Film - The Stalking Fields

With the film now available on digital platforms, Jon B watched The Stalking Fields...

Ric Maddox’s The Stalking Fields doesn’t lack ambition. It’s a production marked by low-budget shortcomings – inconsistent costume quality, plastic-looking guns, visual effects varying from serviceable to poor – but possesses moments of potential, despite its flaws.

Woodman, an ex-soldier with nothing to lose, is recruited into a PTSD “rehabilitation” program after his wife dies in a road accident. The catch: said program involves hunting and executing civilians in the American wilderness. Concurrently, half the narrative focuses on said civilians, who exclaim “what the fuck” a dozen times a minute and are varying levels of inept, obnoxious, or tediously generic; a menagerie of cut-outs we want to see picked off; a cliché they should be anything but. The other army folk relish in killing while Woodman doesn’t – despite his career body-count – and internal disputes between the program heads simmer behind the scenes throughout.

If this premise sounds faulty, that’s because it is. It’s clear that “rehabilitation” means converting veterans back to active-duty, so why are kill-thirsty hunters still frequenting the program rather than people like Woodman? It’d certainly make for more emotional complexity; think former-killers going after unnamed targets in a “mandatory” course before re-enlistment, weighing up apprehensive instability with instinct and moral nihilism. Only one other combatant relates to this: the nervous, teenage son of another veteran, who’s obviously being groomed to kill, but lacks substantial characterisation and is dismissed from the narrative before any is given. It’s a wasted opportunity, as he and Woodman could have a plausible rapport.

Furthermore, the film features a montage of the civilian victims committing various sins – blackmail, embezzlement, general dysfunction – but I’d say these are misdemeanours compared to, say, life-servers or death-row inmates; a demographic which would add plausibility to the premise as a scheme to remove prison populations rather than rehabilitate them. It’s perfect for the theme, plus it’s a missed opportunity to critique American culture from a movie already eager to do so. Of course, this would run the risk of having near to no sympathetic characters, but the movie fails to do this for the victims anyway. Besides, it should be quality over quantity, and numerous characters could be exchanged for the sympathy and depth of one – notably Woodman.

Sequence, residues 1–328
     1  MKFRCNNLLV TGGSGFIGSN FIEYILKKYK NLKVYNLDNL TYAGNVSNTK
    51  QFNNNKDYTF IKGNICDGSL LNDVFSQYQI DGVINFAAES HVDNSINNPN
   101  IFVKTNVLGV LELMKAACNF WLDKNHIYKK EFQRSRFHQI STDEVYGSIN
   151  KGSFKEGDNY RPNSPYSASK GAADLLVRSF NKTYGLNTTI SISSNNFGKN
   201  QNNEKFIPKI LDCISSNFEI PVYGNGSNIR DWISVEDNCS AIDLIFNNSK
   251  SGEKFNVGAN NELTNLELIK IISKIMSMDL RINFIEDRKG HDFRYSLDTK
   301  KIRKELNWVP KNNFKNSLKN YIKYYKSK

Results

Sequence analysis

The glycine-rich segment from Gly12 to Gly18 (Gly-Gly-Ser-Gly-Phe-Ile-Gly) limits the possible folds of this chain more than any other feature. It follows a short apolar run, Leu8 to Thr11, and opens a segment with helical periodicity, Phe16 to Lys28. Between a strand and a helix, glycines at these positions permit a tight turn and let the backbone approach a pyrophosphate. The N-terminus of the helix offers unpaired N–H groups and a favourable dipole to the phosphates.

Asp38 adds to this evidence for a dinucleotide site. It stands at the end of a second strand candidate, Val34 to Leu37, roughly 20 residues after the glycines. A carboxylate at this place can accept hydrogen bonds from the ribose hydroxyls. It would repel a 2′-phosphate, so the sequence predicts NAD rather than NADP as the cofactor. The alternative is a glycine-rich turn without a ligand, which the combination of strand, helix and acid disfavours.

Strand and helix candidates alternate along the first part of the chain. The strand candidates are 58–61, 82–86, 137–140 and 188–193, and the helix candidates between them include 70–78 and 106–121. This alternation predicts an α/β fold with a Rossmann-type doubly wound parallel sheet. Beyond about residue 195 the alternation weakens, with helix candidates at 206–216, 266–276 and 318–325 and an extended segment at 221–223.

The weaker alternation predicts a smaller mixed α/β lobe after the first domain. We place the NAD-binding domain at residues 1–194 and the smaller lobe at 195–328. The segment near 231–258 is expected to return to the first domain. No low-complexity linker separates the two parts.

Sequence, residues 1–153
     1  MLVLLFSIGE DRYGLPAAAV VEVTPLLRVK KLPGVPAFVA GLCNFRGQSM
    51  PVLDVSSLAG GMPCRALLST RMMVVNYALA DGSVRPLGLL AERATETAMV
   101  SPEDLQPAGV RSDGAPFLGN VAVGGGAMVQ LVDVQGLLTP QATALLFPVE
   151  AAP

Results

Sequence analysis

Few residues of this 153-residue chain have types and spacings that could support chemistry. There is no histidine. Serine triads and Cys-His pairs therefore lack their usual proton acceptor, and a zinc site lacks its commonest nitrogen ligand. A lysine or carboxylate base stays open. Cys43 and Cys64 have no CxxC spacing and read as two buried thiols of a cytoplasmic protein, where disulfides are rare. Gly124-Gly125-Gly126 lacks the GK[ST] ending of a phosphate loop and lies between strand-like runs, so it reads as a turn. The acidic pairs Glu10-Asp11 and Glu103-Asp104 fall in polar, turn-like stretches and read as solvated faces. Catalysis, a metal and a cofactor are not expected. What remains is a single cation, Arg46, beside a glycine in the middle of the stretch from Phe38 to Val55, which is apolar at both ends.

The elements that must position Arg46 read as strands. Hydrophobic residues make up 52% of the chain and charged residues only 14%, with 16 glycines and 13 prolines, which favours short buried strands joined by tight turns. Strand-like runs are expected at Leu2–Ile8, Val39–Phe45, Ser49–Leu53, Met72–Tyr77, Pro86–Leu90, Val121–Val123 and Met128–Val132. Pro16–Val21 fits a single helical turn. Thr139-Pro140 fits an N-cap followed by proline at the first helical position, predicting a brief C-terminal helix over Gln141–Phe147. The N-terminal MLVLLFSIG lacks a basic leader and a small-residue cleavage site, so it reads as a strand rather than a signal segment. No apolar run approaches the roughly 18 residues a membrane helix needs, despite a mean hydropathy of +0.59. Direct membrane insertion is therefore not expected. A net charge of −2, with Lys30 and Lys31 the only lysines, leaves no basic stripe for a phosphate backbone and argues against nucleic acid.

With all this considered, though, there are some gems in the rough. The movie makes a strong impression, sporting some solid indoor set-design, despite a shoestring budget; a consistency I wish was maintained, but becomes wince-worthy once guns are introduced. Sean Crampton also gives a memorable performance as Woodman, demonstrating that the emotional crack of a tormented stoic is infinitely more effective than a pack of hysterical nitwits. It’s just a shame the supporting characters – notably his wife and deceased military comrades we see during flashbacks – are insipid stereotypes that fail to invest us in any capacity. It all ends up feeling a bit superficial.

Additionally, Rachael Markarian pulls off the white-collar villain role well, although the generic nature of her character is a detriment to her abilities – a case of “doing one’s best with the material”, if you will. Note, both these characters are from the hunter side; there’s very little to say about the hunted. Frankly, I’d be happier if they had minimal screen-time.

The Stalking Fields isn’t unsalvageable. Ric Maddox has the potential to shake vapid tropes and say something more with the narrative foundation. With subversion and nuance, there’s a great movie here waiting to be realised.

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